New York Times correspondent Rukmini Callimachi wrote a recent piece in the aftermath of the Orlando tragedy entitled “Was Orlando Shooter Really Acting for ISIS? For ISIS, It’s All the Same.” Within the article, she tried to tease out how ISIS operates, exploring how they no longer care as much about directly ordering attacks to happen as much as they want to also indirectly influence the actions of individuals or small groups: “Influencing distant attackers to pledge allegiance to the Islamic State and then carry out mass murder has become a core part of the group’s propaganda over the past two years. It is a purposeful blurring of the line between operations that are planned and carried out by the terror group’s core fighters and those carried out by its sympathizers.”
What is this influence that ISIS wields so powerfully? Why is ISIS is so compelling and alluring to so many people? When we ask that question, we quickly confront an important truth about leadership: you cannot understand leadership without appreciating the power of both direct and indirect forms of leadership. Direct leadership is what is most easy to understand. These types of leaders are our bosses, managers, and elected officials. They have formal authority. Indirect leaders are more difficult to understand because they do not necessarily have formal authority. They are our heroes, our friends, our mentors.
People become indirect leaders through their influence. Our world is increasingly shaped and changed by those who wield influence as much as or more than those who simply wield authority. We have to understand how this “soft power” works alongside “hard power”.
According to Howard Gardner, who has done extensive work in this area of leadership, the key lies in storytelling. He defines leaders as those who “significantly affect the thoughts, feelings, or behaviors of a significant number of individuals…and they achieve their effectiveness chiefly through the stories they relate.” Truly effective leaders, in his estimation, know how to tell stories at two different levels.
The first level of storytelling is how a leader communicates the basic framework of their vision. For this group, which is broad and diverse, and not necessarily sympathetic to the leader, “the story must be sufficiently elementary to be understood by the untutored, or “unschooled,” mind.” The second level is the more advanced version of the story, with more detail, nuance, and clarity. Gardner’s argument is that an effective leader knows how to communicate at both levels, the simple and the advanced.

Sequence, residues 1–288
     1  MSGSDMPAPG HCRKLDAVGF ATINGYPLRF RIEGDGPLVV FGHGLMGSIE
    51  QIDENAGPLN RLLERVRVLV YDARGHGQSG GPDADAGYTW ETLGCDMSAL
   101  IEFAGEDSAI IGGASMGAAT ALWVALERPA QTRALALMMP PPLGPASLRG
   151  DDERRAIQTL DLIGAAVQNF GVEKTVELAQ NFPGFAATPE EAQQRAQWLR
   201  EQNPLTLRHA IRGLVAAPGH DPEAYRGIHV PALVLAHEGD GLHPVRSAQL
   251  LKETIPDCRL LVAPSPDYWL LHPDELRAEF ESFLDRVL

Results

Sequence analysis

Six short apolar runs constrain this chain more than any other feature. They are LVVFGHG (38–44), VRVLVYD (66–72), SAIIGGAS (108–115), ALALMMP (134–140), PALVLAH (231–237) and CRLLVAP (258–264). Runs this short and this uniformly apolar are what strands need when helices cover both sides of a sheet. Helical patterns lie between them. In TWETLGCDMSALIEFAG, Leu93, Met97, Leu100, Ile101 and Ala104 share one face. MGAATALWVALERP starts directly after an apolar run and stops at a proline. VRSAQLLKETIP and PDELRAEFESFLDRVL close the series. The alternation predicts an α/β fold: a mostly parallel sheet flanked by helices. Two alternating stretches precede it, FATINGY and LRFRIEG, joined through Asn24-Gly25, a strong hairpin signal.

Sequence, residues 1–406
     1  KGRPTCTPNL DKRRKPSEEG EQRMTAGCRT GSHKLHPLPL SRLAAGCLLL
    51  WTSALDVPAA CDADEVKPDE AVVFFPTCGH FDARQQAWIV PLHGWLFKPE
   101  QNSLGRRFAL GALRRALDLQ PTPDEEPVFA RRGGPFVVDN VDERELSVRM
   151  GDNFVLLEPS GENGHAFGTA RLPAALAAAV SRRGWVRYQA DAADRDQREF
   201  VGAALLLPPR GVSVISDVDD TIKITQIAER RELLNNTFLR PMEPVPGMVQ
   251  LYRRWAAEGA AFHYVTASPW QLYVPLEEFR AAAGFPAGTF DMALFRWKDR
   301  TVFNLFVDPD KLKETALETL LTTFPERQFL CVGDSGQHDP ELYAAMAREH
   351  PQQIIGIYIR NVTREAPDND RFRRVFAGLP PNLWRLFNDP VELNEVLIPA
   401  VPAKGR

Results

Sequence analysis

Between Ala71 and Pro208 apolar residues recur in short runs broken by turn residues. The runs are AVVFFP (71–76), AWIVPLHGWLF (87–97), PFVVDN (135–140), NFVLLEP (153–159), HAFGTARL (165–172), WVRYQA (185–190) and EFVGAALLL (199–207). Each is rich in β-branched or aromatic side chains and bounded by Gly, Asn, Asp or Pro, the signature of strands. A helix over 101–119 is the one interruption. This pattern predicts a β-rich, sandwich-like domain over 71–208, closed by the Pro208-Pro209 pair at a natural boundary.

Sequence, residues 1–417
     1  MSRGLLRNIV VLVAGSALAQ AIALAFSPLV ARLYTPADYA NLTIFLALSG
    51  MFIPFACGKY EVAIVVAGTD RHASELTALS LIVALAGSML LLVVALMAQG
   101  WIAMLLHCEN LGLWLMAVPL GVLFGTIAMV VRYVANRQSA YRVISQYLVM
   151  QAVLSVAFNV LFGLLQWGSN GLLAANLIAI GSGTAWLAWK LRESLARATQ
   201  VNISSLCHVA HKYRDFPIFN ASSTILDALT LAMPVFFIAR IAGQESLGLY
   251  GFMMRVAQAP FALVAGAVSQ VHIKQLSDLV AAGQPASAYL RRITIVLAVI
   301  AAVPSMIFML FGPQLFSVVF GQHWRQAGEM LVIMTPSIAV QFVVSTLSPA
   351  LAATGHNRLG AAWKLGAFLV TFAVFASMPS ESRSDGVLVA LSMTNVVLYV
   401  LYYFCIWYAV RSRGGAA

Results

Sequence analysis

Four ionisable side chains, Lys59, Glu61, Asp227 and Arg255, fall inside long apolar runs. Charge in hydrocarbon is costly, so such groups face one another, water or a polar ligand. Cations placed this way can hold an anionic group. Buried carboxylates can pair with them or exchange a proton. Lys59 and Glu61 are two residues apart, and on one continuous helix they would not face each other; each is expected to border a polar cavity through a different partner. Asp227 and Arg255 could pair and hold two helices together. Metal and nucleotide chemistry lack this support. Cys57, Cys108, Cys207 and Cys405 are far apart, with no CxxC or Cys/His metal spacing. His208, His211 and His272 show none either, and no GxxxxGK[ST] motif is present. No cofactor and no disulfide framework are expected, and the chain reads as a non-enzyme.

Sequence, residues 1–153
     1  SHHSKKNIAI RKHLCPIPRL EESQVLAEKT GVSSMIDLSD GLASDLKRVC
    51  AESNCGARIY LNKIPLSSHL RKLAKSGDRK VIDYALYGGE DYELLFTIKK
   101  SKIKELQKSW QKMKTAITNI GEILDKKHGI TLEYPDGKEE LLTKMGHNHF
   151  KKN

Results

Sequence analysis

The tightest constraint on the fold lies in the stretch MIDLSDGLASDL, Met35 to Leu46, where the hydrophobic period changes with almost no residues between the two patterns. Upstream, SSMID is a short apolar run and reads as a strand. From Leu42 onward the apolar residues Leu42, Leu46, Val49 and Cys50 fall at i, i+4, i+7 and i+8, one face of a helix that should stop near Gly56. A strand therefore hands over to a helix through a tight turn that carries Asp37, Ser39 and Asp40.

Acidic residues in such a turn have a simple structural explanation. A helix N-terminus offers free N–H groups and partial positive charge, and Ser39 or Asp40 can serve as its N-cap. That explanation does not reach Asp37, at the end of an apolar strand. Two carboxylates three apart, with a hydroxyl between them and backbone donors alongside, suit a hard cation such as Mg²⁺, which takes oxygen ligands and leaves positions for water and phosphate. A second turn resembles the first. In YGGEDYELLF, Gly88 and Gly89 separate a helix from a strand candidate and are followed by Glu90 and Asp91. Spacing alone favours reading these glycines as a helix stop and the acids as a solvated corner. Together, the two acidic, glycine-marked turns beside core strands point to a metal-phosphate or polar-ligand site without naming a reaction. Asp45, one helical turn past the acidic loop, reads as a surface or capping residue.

ISIS speaks at both levels. At the first level, it communicates the simple story that the West is corrupt, materialistic, and immoral, and that it (ISIS) offers a remedy for these ills. At the second level, they communicate a more advanced narrative that includes the theological implications of jihad.
ISIS gathers recruits in with their basic message and then offer a comprehensive, advanced narrative that provides even more structure and meaning. Western society has a difficult time comprehending how powerful this methodology is, because most of modern Western liberalism (you could also call it “secularism”) only speaks at the first, more basic level. Its first level is that each individual should be free to live however they want, but its second level is less clear, because it does not really offer a comprehensive account of the world.
Christians can be guilty of only staying at the first level of storytelling as well. We have had difficulty communicating how the Christian message speaks to all of one’s life, instead of merely the afterlife. We have shied away from speaking the truth that the true cost of discipleship is the entirety of one’s life.
Our leadership has to tell a better, more comprehensive story. We need to communicate at both levels. The Christian story of creation, fall, and redemption through Jesus involves people in a project that is not only bigger than themselves, but that also endures beyond their time on earth. That is the kind of influence that speaks to the totality of the human heart, showing that the problem is human sin and the solution is Jesus. All our leadership is in response to that simple, yet profoundly comprehensive story of redemption.